IT Modernization < V. Hanniet

software model driven approaches

Get rid of Pacbase (and CASE tools) #1

First of all, the views expressed here are mine and do not necessarily reflect the views of my past, current and future employers.

Situation:
A Company uses a CASE tool (Computer Aided Software Environment) to develop and maintain part of its application portfolio. For some reasons, the company wants to get rid of this CASE tool. One reason may be that the CASE tool’s software publisher wants to stop maintaining it, but there are many other possible reasons.

Whatever the reason, and provided that the application developed using the CASE tool will still live in the future, the Company has to choose a new technology target (or several) and a way to move towards it. Let’s investigate the strategy to choose the target.

#1: Sustainability strategy

If sustainability is part of the key points to take into consideration, the idea is, at least, not to reproduce the current situation in the future. Choosing a new CASE tool that eventually will fall into the same kind of dead-end than the current CASE tool is for sure a weird idea (but live is sometimes weird and business too….).

May we choose not to choose a CASE tool?
One of the first ideas when thinking about a target may be: how about finding a target CASE tool that reproduce what we are used to with the current one (so that change management should be minimalized) but have a more promising future?
Whatever the programming technology, we use tools. And for sure we use, and will use more and more, Software Environments. However we can make a clear difference between a “CASE tool” and an “Application Life-cycle Management” (ALM) tool:
– a CASE tool (historically) offers a way to model some information and to generate “terminal” source code from these models, the generated code being generally not easily readable by a programmer
– an ALM tool, or set of tools, helps to manage the development workflow and holds software development assets (such as code) in an organized way.
The main, and big, difference between them is that we can get rid of an ALM tool without loosing precious information as the source code and other development assets have been made by humans and are still there, readable. This is not true with a CASE tool as some parts of information are held in black-boxes: unpublished code generator, hidden repository data structures…

An alternative to historical CASE tools is to use a more open Model-Driven Development (MDD/MDA) set of tools including a modeler, modeling rules and a code generator engine. This leads, more or less, the Company to build its own CASE tool. Regardless the pro and cons of such a choice (e.g. see MDE shuffled again), this choice may hardly be done without considering the whole application portfolio rather than solely its part tied to the initial CASE tool.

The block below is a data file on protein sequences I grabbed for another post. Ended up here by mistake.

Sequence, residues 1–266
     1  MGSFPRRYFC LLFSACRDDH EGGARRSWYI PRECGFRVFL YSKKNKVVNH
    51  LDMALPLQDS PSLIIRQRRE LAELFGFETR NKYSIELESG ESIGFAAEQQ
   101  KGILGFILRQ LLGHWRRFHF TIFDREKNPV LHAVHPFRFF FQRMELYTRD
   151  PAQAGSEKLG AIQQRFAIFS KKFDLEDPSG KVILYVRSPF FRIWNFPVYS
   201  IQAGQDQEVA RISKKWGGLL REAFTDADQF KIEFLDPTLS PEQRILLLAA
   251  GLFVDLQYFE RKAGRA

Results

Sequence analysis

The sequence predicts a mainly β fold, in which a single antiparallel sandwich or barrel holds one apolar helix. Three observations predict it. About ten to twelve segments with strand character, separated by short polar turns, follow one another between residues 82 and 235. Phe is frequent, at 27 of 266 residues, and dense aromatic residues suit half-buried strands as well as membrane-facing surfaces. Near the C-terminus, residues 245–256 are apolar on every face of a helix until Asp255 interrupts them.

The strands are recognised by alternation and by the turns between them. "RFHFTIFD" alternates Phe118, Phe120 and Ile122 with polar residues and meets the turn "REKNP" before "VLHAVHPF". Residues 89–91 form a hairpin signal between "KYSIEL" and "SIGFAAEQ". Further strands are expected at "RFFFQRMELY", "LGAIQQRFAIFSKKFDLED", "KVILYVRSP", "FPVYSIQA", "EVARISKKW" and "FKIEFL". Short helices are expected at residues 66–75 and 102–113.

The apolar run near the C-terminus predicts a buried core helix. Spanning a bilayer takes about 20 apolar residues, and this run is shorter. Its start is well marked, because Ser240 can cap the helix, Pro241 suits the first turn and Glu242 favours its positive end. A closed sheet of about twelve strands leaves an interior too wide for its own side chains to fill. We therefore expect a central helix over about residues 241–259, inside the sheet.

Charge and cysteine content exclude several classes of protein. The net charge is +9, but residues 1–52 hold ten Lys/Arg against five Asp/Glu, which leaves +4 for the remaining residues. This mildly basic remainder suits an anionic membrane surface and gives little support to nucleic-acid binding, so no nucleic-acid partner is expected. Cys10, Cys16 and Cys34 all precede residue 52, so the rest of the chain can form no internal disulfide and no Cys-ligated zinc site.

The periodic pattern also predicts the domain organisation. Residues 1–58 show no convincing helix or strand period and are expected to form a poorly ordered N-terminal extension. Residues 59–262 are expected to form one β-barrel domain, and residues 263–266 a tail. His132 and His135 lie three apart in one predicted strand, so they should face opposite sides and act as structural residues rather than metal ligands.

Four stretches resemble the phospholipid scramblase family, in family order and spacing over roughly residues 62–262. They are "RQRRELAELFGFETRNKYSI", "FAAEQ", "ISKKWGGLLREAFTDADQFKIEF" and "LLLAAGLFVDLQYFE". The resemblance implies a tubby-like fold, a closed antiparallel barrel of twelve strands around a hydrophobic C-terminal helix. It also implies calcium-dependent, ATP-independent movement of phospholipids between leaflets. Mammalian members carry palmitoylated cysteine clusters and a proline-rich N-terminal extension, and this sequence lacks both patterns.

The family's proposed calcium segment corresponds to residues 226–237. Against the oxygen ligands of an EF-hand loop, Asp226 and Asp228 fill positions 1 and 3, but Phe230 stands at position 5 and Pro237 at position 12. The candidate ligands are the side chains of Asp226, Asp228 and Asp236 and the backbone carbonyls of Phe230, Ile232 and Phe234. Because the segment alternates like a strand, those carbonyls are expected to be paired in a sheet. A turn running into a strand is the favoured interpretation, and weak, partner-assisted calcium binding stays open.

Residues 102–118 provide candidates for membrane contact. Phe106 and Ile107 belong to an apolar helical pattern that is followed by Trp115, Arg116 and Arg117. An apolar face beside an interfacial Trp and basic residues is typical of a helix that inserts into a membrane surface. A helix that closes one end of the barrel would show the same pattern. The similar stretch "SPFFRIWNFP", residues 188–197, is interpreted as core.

In the end, the sustainability strategy leads either to move towards a technology in the development technologies portfolio yet, or to add a new technology to this portfolio and to move towards it.
Adding a new technology in the development technologies portfolio, when every companies tend today to cut this portfolio, requires for sure strong reasons. Undoubtedly finding a target for the abandoned CASE tool technology will not be a sufficient reason by itself, and replacing the dying CASE tool by an equivalent CASE tool is not a good idea at all…
… for the sustainability perspective. But there may be other important perspectives! It will be the subject of other posts.

Sustainability: the Pacbase case

Let’s analyze the Pacbase case under the sustainability perspective. I took Pacbase to illustrate the CASE tools modernization question cause it’s a current question and I know a bit of it. It could have been another CASE tool: it does not change much the arguments.

Pacbase is a CASE tool initially developed by a French company to top COBOL development with a CASE solution. Pacbase has then be bought by IBM and is now part of the Rational solutions portfolio. Pacbase is mainly (but not exclusively) used by some big french companies, which made this choice a long time ago. Even if the product is good and its design not so far from some of the best MDA/MDD recognized principles, presumably nobody will adopt it tomorrow cause it’s an old CASE.
From a business perspective, the revenue for this product is now only made of maintenance fees and can only decrease in time as customers will switch to other technologies. Why do customer will switch? Because Pacbase practicers and experts tend to retire (they are as old as te technology). Similarly, Rational’s Pacbase experts tend also to retire. So the product is promised to increasing maintenance costs and decreasing maintenance revenues. Do you need a picture? ;D
In a way, IBM also needs sustainable products in term of revenues/costs.

So, IBM announced the end of Pacbase maintenance in the next years. And proposed… nothing clearly as a replacement! Let’s describe roughly the technology core target solutions as I understand them:
a – EGL: a new language/CASE tool. A brand new one!
b – Rational Programming Pattern (RPP): a new CASE tool which reproduces Pacbase design/generation mode inside a COBOL development environment

How to understand IBM’s solutions to get rid of Pacbase? How does it fit to the Company sustainability strategy?